The new cabinet will be on the shelves on 10 January. The distribution of the posts between the parties is known, the names of the candidate officers will be announced on Sunday.
D66 supplies the ministers of Finance and Health, among other things, the VVD receives Justice and Security and Primary and Secondary Education, among others, the CDA receives Social Affairs, Foreign Affairs and Home Affairs.
This is certain that ministers Hoekstra (now Finance) and De Jonge (now VWS) will not return to the same post. Demissionary Minister Grapperhaus says not to return to a new cabinet. Secretary of State Knops (CDA) is also not returning. Carola Schouten (Christian Union) will almost certainly be the new minister for Poverty Problems and Pensions.
In the new cabinet, the VVD will receive a total of eight ministers, including the Prime Minister, and three Secretaries of State. D66 will have six ministers and three secretaries of state, the CDA, four ministers and two secretaries of state and the Christian Union, two ministers and one secretary of state.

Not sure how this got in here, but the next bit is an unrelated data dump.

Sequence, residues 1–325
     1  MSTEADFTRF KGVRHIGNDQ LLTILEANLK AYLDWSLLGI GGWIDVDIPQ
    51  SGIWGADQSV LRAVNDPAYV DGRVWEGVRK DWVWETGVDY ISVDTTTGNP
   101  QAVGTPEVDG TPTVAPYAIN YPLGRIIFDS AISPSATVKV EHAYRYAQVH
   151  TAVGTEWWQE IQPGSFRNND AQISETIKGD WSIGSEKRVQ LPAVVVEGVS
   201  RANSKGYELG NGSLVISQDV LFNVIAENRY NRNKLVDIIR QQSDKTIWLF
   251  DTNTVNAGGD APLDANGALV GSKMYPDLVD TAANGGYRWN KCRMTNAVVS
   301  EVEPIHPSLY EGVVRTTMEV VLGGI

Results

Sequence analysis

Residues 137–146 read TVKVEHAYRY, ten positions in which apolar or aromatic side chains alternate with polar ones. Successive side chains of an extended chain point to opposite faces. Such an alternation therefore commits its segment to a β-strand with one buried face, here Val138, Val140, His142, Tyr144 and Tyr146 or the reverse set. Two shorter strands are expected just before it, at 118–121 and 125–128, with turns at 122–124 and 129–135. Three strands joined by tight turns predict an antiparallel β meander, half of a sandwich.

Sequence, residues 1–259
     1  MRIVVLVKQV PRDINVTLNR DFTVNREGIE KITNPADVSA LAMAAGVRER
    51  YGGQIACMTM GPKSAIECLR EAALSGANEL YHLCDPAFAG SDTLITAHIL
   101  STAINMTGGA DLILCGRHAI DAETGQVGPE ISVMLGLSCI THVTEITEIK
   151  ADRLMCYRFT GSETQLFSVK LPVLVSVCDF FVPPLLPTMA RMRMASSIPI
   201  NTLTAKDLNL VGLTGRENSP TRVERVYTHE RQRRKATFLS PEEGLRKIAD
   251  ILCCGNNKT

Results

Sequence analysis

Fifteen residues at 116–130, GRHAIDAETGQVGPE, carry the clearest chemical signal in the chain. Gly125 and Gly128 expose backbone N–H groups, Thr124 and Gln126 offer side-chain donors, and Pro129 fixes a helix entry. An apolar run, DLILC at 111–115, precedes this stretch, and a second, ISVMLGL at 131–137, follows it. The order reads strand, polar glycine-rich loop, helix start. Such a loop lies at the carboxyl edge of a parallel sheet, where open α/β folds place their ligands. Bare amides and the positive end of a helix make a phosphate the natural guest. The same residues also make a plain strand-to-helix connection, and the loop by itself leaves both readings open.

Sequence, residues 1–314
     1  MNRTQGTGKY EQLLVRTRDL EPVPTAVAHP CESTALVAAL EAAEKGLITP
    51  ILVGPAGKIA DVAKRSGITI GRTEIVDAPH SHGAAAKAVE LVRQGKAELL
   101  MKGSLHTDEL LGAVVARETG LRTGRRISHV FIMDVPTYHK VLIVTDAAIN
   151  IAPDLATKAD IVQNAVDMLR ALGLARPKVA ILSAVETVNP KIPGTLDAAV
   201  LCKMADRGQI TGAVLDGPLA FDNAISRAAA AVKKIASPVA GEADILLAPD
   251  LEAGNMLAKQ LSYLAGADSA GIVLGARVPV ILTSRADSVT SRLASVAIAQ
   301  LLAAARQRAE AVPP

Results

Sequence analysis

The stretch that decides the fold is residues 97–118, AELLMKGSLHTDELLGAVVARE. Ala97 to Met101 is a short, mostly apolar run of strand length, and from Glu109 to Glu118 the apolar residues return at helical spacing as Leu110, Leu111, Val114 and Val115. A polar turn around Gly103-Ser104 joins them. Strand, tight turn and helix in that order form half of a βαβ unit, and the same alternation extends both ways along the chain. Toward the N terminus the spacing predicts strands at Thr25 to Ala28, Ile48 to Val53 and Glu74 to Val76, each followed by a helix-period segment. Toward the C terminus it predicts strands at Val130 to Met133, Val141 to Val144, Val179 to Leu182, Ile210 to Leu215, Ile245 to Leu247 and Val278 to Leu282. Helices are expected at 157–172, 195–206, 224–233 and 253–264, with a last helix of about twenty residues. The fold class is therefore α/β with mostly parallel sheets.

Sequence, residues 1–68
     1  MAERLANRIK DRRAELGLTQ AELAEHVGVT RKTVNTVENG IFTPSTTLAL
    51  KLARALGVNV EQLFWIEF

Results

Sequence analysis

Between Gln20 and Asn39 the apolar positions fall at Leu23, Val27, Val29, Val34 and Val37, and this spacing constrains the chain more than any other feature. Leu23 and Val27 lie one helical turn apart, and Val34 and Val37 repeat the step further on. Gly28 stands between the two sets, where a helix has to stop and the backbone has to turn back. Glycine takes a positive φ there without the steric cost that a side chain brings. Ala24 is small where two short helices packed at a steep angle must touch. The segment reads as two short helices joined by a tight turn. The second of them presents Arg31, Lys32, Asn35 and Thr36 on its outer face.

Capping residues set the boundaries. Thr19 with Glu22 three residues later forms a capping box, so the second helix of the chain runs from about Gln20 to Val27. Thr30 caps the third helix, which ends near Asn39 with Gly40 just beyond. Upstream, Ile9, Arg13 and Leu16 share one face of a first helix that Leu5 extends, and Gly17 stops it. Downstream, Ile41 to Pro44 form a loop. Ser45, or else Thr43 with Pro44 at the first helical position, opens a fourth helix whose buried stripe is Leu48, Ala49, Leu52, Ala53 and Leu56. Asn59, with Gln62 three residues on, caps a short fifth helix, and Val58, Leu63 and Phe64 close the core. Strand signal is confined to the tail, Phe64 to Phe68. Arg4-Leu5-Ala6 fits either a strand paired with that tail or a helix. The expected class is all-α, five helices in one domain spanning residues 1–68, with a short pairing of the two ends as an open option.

The new posts are striking. For example, there will be a separate Minister for Nature and Nitrogen (VVD), a Secretary of State for Mining (D66), a Minister for Climate and Energy (D66), a Secretary of State for Surcharges and Customs (VVD) and a Minister for Poverty Policy, Participation and Pensions (Christian Union).
Formateur Rutte will start discussions with the candidate leaders on Monday. It is expected that it will take four days.
See below how the ministerial posts are divided between the parties:
Grapperhaus said in a letter to his department not to return as minister. During the distribution of the posts, it was announced this morning that the VVD will receive Justice and Security. For many years, the VVD supplied the authorities of Justice, whose ministers Opstelten and Van der Steur and Secretary of State Teven forced to leave. After that, in 2017, the CDA er Grapperhaus came to the department as minister.
He says he looks back at “four intensive years” in which the “necessary thing has happened and done”. Grapperhaus says it hopes to “have been able to contribute to the increased openness in working relationships in recent years, and ensuring a safe working environment” at his ministry.
Grapperhaus also sees that the work is not finished and points out the new sexual legislation that has yet to be dealt with by both the House of Representatives and the Senate. He also mentions the fight against undermining organized crime. “That will cost up to ten years and a lot of commitment from people and resources.”